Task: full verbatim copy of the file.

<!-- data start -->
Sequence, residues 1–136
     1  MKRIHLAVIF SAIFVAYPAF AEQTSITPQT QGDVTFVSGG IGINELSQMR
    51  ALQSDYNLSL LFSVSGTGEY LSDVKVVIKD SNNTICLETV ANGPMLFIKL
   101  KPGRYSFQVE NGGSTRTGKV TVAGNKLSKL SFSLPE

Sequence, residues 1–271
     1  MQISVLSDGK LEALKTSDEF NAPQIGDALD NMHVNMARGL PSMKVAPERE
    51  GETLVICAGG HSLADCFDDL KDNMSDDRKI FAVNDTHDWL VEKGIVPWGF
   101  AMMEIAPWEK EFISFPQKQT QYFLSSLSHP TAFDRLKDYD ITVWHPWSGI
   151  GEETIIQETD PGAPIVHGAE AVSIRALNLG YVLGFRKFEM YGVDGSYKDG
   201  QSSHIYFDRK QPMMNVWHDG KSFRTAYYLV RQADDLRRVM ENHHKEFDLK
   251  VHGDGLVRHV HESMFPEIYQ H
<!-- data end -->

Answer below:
Sequence, residues 1–136
     1  MKRIHLAVIF SAIFVAYPAF AEQTSITPQT QGDVTFVSGG IGINELSQMR
    51  ALQSDYNLSL LFSVSGTGEY LSDVKVVIKD SNNTICLETV ANGPMLFIKL
   101  KPGRYSFQVE NGGSTRTGKV TVAGNKLSKL SFSLPE

Sequence, residues 1–271
     1  MQISVLSDGK LEALKTSDEF NAPQIGDALD NMHVNMARGL PSMKVAPERE
    51  GETLVICAGG HSLADCFDDL KDNMSDDRKI FAVNDTHDWL VEKGIVPWGF
   101  AMMEIAPWEK EFISFPQKQT QYFLSSLSHP TAFDRLKDYD ITVWHPWSGI
   151  GEETIIQETD PGAPIVHGAE AVSIRALNLG YVLGFRKFEM YGVDGSYKDG
   201  QSSHIYFDRK QPMMNVWHDG KSFRTAYYLV RQADDLRRVM ENHHKEFDLK
   251  VHGDGLVRHV HESMFPEIYQ H